The construction quality on the Chubby Unicorn is unparalleled to any board we’ve seen yet. Despite the complex design and new construction techniques, the board feels more sturdy than any “classic” board I’ve ever used. So far it’s holding up much better than I expected, as well. To be honest, I figured that with ollies, high-speed curbbing accidents, and collateral damage from failed putt tricks there would quickly be problems with the UHMWPE and urethane rails: I was wrong. The urethane that Loaded developed along with Orangatang is HARD. I mean really hard. I’ve been able to scuff it and scratch it a little, but it’s not chipping, peeling, or delaminating at all. I’m super stoked. It’s still too early to really tell how the UHMWPE bottom will hold up and when it will show signs of wear, but so far it’s just as we’d expect and have seen minimal wear and tear from ollies. Another thing to be noted is that the urethane runs about 1/2 inch from the edge of the board on the sides and about a full inch or more on the tails to ensure that you won’t run into delam issues and ensure that your pop stays fresh for a long time, even if you start to wear through the first parts of the UHMWPE.

UHMWPU bottom with a fresh Skate the East sticker on it.

One thing I’m super keen on is the fact that between the UHMWPE bottom and urethane rails this board is sealed to be waterproof. That means you won’t have to worry about it getting waterlogged if happen to be skating through the wet. I’m very impressed with how well Loaded did in putting this board together. It feels sturdy and really shows the attention to detail that Loaded paid to the small things, it really did beat my expectations. I think it’d be super cool if you could send the board back to be re-coated with the UHMWPE or urethane if something did eventually happen to them, to extend the life of the board. You can get your skis and snowboard resurfaced and re-railed, why not your longboard too? I think it’ll be interesting to see if Loaded ever offers anything of the sort since these boards are definitely meant to last a long, long time.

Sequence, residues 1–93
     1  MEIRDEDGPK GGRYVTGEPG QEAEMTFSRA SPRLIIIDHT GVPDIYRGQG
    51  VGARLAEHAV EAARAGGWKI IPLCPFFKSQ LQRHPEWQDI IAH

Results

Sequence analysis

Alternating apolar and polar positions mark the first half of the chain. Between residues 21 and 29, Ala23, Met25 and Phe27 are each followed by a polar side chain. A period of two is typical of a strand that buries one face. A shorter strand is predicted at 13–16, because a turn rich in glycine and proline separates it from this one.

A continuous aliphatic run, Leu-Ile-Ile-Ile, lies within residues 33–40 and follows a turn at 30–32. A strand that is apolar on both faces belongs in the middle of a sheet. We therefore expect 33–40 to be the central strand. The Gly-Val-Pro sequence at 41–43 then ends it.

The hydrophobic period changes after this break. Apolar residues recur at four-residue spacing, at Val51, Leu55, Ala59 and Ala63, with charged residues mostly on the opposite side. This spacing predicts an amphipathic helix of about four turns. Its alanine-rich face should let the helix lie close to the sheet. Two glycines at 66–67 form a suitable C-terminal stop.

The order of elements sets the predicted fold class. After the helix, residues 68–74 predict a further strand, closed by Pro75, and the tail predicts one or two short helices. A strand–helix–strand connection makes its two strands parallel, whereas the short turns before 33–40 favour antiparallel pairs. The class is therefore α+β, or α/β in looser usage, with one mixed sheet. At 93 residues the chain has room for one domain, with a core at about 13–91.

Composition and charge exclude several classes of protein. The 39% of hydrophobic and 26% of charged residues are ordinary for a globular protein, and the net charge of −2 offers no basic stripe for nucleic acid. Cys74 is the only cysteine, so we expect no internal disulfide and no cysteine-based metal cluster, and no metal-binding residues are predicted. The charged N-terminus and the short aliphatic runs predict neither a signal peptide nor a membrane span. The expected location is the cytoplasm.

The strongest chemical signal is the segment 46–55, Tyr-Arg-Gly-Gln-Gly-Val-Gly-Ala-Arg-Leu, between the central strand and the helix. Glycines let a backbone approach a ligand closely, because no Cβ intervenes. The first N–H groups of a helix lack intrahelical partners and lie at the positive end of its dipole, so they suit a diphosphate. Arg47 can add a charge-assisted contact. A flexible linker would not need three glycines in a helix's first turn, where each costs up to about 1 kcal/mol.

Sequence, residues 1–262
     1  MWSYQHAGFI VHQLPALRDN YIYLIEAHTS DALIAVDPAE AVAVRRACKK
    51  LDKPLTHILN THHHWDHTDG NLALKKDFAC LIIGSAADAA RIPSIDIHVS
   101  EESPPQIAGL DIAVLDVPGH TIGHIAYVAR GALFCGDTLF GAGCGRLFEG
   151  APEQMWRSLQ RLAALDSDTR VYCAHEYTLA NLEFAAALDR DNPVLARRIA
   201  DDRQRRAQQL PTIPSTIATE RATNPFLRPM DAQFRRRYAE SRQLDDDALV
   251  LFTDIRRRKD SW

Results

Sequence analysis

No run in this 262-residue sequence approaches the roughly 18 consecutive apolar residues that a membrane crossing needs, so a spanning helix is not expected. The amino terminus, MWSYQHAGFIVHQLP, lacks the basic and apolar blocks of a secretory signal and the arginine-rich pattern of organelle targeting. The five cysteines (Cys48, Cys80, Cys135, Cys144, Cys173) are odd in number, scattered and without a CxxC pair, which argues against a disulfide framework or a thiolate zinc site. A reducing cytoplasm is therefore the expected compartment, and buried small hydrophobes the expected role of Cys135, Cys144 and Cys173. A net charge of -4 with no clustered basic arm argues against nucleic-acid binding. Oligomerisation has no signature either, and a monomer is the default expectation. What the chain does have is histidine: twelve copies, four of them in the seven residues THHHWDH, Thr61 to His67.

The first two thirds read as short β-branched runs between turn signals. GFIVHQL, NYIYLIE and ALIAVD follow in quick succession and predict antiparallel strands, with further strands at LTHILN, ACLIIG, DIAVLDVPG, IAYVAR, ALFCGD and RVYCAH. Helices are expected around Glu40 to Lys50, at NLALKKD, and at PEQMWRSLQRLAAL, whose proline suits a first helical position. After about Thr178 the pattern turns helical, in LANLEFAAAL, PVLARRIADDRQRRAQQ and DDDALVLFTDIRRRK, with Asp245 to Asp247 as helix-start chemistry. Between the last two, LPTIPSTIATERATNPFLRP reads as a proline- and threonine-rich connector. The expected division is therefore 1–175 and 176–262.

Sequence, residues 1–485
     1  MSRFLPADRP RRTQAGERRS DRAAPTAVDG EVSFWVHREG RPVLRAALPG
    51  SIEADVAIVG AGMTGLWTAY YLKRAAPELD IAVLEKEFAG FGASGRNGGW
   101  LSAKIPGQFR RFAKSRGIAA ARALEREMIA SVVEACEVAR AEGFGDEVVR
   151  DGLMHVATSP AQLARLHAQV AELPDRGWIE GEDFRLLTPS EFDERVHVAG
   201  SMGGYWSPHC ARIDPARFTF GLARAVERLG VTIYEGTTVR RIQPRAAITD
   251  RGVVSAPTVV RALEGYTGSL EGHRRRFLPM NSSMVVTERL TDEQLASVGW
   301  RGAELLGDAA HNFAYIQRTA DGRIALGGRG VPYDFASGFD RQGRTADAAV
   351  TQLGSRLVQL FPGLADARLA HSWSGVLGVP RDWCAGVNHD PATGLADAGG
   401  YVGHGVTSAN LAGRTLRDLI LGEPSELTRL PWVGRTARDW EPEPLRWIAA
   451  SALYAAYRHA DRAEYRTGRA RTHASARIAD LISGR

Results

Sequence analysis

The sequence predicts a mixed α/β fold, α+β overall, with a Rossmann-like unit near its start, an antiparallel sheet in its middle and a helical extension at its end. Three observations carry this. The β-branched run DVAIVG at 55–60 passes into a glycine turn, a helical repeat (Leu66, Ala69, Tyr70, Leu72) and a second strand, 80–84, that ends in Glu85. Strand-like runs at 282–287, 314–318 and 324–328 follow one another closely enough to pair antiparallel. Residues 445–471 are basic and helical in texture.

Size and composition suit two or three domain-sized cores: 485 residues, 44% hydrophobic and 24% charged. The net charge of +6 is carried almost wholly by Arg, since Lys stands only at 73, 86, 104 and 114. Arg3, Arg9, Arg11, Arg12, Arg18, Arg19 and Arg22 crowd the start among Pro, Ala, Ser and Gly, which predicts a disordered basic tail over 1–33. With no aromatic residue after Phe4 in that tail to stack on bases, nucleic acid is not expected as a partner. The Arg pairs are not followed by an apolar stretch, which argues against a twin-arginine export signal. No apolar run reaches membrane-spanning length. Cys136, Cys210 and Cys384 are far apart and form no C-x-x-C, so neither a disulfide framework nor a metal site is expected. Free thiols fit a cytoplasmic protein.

So, is there anything we didn’t like about the Chubby Unicorn? To be honest, not much. While I’ve gotten used to the length of the board, I wouldn’t mind seeing a shorter version with an even shorter wheelbase to allow you to ride over the trucks, instead of behind them — something I’ve heard from a few other people, as well. I also don’t think this board shines as a commuter. While the kicktails make it a bit more practical, the length of the board makes it a bit cumbersome to carry around in and out of stores, buildings, crowds, etc. I also had trouble finding the perfect foot position when pushing because of how big and aggressive the W concave was. That being said, the board was meant to go down hills and get sideways, so it’s understandable, although a bit out of character for Loaded.

Overall, though, Loaded really took their time in thinking the board out and creating one of the best constructed, highest quality pieces of longboarding gear we’ve seen yet. The Chubby Unicorn will surely be a game changer and will force a lot of the competition to think further outside the box and push board design even further. I also think we’ll see some of the innovative features found on the Chubby Unicorn find their way into new shapes and sizes both from Loaded and the competition as time goes on. Things like urethane rails and UHMWPE will become standard features for many boards in the near future due to their functionality and value added.